Wednesday, April 25, 2012

Sanibel Lighthouse Migratory Bird Fallout - Every Birder's Dream

 I never thought it could happen to me. But it did. I was in the right place at the right time and experienced one of the thrills of my lifetime. And I got to share it with two of my most favorite people - my wonderful hubby Bill and big sister Beth. 

Baltimore Oriole
 On Monday morning we got up early, before sunrise, to go to Harns Marsh. Before we left the condo I checked STOKES BIRDING BLOG where Lillian Stokes posted that a rare phenomena was happening at Sanibel Lighthouse Park - a Migratory Bird FALLOUT. The unusual storm and heavy winds combined with the annual neotropical bird migration north caused hundreds - no, thousands of birds to fall out of the sky to land, exhausted and hungry, desperate to fill their empty stomachs with fruit and insects.

Scarlet Tanager
 Even though we missed the first day (Sunday) it was still going strong when we arrived at Sanibel's Lighthouse Park at 6:30 AM. Everywhere I looked there were beautiful birds - Warblers, Tanagers, Buntings - so many I couldn't take pictures fast enough. Bill kept pointing to one, then another and another and another. I took over 700 pictures on the first day and another 700 the next day. This is just a small group as I'm still going through them.

Black-throated Green Warbler
Many of the birds were attracted to the fruit of the Gumbo Limbo trees throughout the park. Birders could wait in a clearing near one of the trees and just watch the birds fly in. It was amazing! I didn't know which to grab first - my camera or my binoculars.

Blue Grosbeaks
Bright red, yellow, orange and blue birds were everywhere - like ornaments on a Christmas tree, confetti on the ground. Look up, look down, look left and right - they were everywhere.

Blue Grosbeak (male) on a Gumbo Limbo Tree

Blue Grosbeak (male)

Bill and Beth
My sister Beth was taking pictures as fast as I was. Many of our pictures are the same, but we both saw birds that the other missed so be sure to check her blog for more pictures.

Summer Tanager (female)
Sometimes it was difficult to know exactly what birds we were seeing as there were males, females, and juveniles - all with different plumages. Many were birds I'd never seen before - and so many varieties of warblers!

Indigo Bunting (male)
The most common bird in the fallout was the small, bright blue Indigo Bunting; dzeeet, dzeeet dzeeet could be heard everywhere.

Indigo Bunting
The female Indigo Bunting is plain, light and medium browns - but I haven't gotten to those pictures yet.

Orchard Oriole
Some of my first pictures are not very clear because it was barely light yet and I accidentally changed the setting on my camera - but my even more exciting story about camera settings comes later.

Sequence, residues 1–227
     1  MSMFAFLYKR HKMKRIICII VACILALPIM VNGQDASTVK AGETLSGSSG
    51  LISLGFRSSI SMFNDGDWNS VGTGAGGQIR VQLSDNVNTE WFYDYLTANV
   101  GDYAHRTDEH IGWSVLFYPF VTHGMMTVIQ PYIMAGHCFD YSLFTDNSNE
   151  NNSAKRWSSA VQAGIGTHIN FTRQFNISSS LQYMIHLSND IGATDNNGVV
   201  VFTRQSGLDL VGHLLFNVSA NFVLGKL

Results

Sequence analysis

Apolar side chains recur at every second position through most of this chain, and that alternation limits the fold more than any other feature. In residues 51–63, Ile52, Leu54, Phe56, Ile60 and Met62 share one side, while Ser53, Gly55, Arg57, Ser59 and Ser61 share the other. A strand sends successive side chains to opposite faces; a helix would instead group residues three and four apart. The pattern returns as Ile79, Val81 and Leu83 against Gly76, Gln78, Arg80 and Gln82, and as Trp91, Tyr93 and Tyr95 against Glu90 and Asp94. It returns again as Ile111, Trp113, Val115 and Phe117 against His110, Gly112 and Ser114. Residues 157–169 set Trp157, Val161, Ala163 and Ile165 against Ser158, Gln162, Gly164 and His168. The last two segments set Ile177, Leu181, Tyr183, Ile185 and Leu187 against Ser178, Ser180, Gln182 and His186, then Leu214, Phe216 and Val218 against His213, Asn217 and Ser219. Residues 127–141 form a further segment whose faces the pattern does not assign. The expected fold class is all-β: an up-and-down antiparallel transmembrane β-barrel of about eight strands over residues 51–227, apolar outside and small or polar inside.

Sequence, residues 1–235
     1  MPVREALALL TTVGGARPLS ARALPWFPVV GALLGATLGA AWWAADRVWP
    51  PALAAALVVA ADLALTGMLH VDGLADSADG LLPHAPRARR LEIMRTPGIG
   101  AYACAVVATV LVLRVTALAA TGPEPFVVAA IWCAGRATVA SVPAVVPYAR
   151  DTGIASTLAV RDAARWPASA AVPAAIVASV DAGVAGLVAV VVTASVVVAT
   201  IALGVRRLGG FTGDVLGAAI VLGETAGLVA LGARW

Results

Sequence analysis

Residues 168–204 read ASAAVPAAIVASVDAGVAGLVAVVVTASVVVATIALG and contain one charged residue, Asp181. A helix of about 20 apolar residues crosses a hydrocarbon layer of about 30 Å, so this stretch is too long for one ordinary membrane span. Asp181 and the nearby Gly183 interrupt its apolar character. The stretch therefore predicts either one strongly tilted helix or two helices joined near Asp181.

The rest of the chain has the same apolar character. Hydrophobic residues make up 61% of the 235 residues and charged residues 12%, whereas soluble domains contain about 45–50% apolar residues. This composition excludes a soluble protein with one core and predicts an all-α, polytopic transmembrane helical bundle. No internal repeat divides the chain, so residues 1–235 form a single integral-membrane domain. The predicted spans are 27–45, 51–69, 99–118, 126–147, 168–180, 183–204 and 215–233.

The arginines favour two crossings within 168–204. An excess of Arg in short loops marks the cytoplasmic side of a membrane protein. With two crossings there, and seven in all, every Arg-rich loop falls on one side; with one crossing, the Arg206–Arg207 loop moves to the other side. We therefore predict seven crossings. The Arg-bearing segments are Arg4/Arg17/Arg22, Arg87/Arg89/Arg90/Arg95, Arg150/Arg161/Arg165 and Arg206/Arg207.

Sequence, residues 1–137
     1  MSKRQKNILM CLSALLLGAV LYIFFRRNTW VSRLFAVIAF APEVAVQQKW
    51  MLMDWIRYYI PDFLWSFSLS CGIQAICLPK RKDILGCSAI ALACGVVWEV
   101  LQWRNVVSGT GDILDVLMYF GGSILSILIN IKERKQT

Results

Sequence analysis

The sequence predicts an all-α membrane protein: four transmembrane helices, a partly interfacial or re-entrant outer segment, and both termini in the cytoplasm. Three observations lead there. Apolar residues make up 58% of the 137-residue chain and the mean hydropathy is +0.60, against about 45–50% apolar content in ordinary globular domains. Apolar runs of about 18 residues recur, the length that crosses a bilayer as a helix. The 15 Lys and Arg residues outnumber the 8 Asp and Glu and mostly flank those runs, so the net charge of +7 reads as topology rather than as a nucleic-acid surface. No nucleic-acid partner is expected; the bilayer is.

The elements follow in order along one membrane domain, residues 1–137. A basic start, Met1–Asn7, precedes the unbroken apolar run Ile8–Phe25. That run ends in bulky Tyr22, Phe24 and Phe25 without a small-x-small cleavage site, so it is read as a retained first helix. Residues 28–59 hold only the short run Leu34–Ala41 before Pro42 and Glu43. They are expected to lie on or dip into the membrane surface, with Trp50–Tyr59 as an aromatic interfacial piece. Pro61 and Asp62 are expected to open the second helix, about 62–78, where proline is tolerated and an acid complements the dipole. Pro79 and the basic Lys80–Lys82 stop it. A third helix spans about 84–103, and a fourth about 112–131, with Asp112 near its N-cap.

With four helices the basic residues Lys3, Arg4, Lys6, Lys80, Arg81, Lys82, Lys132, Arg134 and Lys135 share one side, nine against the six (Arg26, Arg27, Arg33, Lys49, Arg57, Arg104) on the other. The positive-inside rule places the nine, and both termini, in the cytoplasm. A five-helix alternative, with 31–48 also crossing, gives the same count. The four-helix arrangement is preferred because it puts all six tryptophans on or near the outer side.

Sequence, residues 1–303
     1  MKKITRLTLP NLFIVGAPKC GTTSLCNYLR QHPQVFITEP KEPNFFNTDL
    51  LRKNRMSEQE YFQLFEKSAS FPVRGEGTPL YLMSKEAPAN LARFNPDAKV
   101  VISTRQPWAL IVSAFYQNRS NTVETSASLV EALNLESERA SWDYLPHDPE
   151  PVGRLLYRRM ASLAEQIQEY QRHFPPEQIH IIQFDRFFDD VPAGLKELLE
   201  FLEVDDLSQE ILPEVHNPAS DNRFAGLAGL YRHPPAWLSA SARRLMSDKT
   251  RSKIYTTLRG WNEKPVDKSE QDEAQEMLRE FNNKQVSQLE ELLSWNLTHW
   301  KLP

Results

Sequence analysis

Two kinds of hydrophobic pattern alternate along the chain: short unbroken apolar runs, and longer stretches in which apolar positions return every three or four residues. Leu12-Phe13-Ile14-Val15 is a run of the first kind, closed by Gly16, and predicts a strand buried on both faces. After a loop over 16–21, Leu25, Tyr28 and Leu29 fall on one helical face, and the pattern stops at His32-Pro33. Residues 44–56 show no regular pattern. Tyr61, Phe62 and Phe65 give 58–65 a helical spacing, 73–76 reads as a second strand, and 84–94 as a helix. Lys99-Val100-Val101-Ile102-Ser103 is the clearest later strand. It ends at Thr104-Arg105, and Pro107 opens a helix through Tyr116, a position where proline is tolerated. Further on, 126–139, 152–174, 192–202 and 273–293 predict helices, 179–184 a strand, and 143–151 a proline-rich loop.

Rose-breasted Grosbeak (male)
There were so many Rose-breasted Grosbeaks, I heard myself saying "it's just another grosbeak."

Rose-breasted Grosbeak

Rose-breasted Grosbeak (female)
The female Grosbeaks look quite different than the males - but they are pretty in their own way.

Scarlet Tanager

Scissor-tailed Flycatcher
Can you believe this Scissor-tailed Flycatcher? I spotted him at dawn sitting by the beach all by himself. Bill and Beth were back by the Gumbo Limbo Tree - I had gone to the restroom and not another soul was in the area, so this sighting was all mine! Needless to say this is a new Life Bird for me!

Lillian and Donald Stokes, my sister Beth (on right) and me
Almost as exciting as the birds was recognizing that we were birding with Donald and Lillian Stokes, authors of "The Stokes Field Guide to the Birds of North America" - by far the best bird book I have (and I have a ton!) They were the nicest couple you'll ever want to meet! Lillian spent time helping Beth and me with our camera settings so we could get the best possible pictures. She told us to spend time with our manuals and learn to change our settings without looking - so it can be done in the split second needed to capture a bird on the go. It was amazing. I can't thank them enough.

Summer Tanager

Summer Tanager

Yellow-billed Cuckoo
Before we left Ocala, I told Bill my goal for this trip was to see a Cuckoo. I'd never seen a Cuckoo - so imagine my thrill when I saw this Yellow-billed Cuckoo. They are shy birds and usually hide deep in the brush - but this one was so exhausted, he couldn't keep his eyes open. The next day I saw a Black-billed Cuckoo - but I haven't gotten to those pictures yet, so that will be in a future post.

Yellow-billed Cuckoo
Yellow-billed Cuckoo

Yellow Warbler

Sunrise at Sanibel Lighthouse Park
April 23, 2012
The day it rained birds
To be continued...

1 comment:

Salty girl said...

Gail, what a wonderful job you did documenting the Lighthouse Fallout! Sure wish I had been there, but there seem to be plenty still around, so I'm playing a little catch-up. I'm looking forward to your next entry :-)